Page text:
Henry C. Meyer
One of the most active, progressive and successful farmers in
the vicinity of Postville is Henry C. Meyer, who since 1901 has
owned and operated a fine property of one hundred and
thirty-eight acres, eighty rods beyond the corporation limits.
The land lies party in Clayton and party in Allamakee counties
and is a well improved and valuable property, reflecting in its
neat and attractive appearance the careful supervision and
careful methods of the owner.
Mr. Meyer is a native of Iowa, born in Fayette county, November 5, 1878, a son of William and Louisa (Meyer) Meyer, natives of Hanover, Germany. As a young man the father crossed the Atlantic to America and, coming immediately to Iowa, located at Guttenberg, Clayton county, where he worked at farming in the employ of others for some time, later removing to Garnavillo in the same county and then to National. He there married, and afterward farmed as a renter for a number of years, removing eventually to Fayette county and purchasing land. Upon that farm he still resides and is active in its cultivation, being the owner of one hundred and sixty acres, substantially improved and well equipped. He and his wife had nine children, two of whom died in infancy. The others are:
Minnie, who married Fred H. Brandt, a farmer in Clayton county; William A., a farmer near Castalia, Caroline, the wife of John C. Weike, who is engaged in farming in Grand Meadows township, Clayton county; Henry C., of this review; Anna, who married Fred Kuhse, a farmer in Grand Meadows township, Clayton county; Charley, who resides with his parents; and Bertha, who married Charles H. Schroeder, a resident of Fayette county.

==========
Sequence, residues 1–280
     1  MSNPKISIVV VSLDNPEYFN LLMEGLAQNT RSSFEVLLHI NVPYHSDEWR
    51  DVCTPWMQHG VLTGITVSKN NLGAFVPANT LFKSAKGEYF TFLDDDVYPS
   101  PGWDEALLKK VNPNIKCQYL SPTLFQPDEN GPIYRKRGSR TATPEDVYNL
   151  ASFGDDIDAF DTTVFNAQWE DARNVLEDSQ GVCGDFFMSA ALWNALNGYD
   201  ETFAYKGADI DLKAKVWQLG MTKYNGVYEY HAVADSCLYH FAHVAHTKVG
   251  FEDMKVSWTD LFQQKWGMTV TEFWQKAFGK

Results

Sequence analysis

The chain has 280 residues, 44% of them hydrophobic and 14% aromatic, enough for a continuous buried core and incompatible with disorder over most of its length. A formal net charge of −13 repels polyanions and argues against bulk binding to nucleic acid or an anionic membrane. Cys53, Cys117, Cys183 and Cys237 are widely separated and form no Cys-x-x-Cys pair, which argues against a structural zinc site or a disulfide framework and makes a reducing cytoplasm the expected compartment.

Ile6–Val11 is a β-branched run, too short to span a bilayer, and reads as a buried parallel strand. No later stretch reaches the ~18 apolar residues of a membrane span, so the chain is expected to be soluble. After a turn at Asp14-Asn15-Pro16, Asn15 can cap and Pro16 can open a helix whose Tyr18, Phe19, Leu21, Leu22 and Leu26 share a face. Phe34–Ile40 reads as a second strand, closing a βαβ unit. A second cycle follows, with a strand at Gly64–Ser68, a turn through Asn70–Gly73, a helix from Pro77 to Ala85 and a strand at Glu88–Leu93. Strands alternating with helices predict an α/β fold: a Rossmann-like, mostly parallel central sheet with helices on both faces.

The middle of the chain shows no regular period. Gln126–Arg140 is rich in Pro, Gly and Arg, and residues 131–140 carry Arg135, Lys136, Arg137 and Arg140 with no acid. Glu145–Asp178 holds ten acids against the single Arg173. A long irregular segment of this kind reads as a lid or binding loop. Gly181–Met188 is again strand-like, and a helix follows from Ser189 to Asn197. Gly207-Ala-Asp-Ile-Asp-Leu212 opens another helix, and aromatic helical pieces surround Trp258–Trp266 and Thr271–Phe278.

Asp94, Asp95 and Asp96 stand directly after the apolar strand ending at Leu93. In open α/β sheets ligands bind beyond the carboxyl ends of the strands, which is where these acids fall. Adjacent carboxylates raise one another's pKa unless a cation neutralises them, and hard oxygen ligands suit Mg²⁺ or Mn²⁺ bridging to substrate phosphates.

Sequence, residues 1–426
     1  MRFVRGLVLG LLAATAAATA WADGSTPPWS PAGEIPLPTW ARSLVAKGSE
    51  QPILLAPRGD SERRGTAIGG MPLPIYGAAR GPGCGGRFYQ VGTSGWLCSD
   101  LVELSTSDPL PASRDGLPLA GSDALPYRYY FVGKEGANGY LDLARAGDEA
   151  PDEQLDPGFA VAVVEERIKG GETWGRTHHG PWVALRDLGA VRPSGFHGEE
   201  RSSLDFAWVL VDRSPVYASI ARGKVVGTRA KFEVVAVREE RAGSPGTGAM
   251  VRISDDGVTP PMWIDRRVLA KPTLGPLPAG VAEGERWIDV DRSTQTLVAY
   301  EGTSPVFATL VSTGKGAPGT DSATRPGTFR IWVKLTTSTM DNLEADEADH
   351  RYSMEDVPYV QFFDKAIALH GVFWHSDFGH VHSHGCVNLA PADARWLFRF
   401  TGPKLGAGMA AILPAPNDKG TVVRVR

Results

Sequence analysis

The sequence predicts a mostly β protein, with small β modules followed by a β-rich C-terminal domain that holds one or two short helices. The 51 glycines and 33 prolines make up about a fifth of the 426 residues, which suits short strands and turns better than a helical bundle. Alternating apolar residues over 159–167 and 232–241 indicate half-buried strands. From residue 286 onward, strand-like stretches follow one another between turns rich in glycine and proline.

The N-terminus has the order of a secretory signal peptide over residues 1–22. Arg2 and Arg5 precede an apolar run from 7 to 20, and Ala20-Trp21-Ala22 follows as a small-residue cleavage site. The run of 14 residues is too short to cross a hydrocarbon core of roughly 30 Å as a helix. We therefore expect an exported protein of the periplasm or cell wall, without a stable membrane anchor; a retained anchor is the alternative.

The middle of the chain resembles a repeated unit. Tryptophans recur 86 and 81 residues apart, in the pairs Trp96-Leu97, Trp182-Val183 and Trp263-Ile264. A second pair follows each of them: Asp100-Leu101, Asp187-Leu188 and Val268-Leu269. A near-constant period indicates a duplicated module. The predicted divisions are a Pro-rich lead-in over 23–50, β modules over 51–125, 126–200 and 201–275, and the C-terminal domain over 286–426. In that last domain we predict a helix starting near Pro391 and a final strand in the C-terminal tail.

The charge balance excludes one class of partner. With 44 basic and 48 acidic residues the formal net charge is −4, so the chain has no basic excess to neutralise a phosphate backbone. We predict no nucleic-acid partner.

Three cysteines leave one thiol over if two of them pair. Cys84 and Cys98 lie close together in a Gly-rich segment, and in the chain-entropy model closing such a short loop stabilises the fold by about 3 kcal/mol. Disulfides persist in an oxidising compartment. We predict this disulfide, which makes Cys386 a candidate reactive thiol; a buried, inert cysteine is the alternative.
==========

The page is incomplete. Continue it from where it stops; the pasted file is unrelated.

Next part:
In the acquirement of an education Henry C. Meyer attended the old Henderson Prairie school, named in honor of David B. Henderson, who was a pupil there, and he supplemented this by four months in the German Lutheran school. Until he was twenty-two years of age he remained upon the homestead, assisting his father in its operation, but, March 21, 1901, he purchased land of his own, upon which he has resided since that time. He bought one hundred and thirty-eight acres, eighty rods beyond the corporation limits of Postville, the land lying in Clayton and Allamakee counties, and upon this he has steadily carried forward the work of improvement, erecting modern buildings and installing fine farm machinery. Success has attended his well directed efforts in the cultivation of his
land, for his methods are always practical and modern and, therefore, productive of excellent results. The farm is today one of the finest in this part of the state and its owner is counted among Allamakee countys progressive and substantial agriculturists. He is a stockholder in the Postville Canning Company and in the Cooperative Creamery Company and his business interests are carefully managed and always profitable.
One the 21st of March, 1901, Mr. Meyer was united in marriage to Miss Bertha Krambeer, who was born in Reed township, Clayton county, December 6 1881, a daughter of John and Ida (Harnack) Krambeer. Mr. and Mrs. Meyer became the parents of four children: Ethel, who was born January 12, 1902 and, who on the 7th of January, 1910, was killed by a train on the railroad crossing near her home; Lawrence, born March 16,1903; Hilda, born February 17, 1905; and Amy, whose birth occurred on the 21st of November, 1909.
Mr. Meyer is a member of the German Lutheran church and politically, gives a general allegiance to the democratic party, voting independently, however, when he deems the best interest of the community require such action. He is not active as an office seeker, but is interested in school affairs and is at present acting as secretary of his school district. He is progressive and public spirited, never withholding his ready and hearty cooperation from movements to promote the general advancement and development and, by his industrious and upright life, has made his name honored and respected in the community where he makes his home.
-source: Past & Present of Allamakee County; by
Ellery M. Hancock; S. J. Clarke Pub. Co.; 1913
-transcribed by Diana Diedrich
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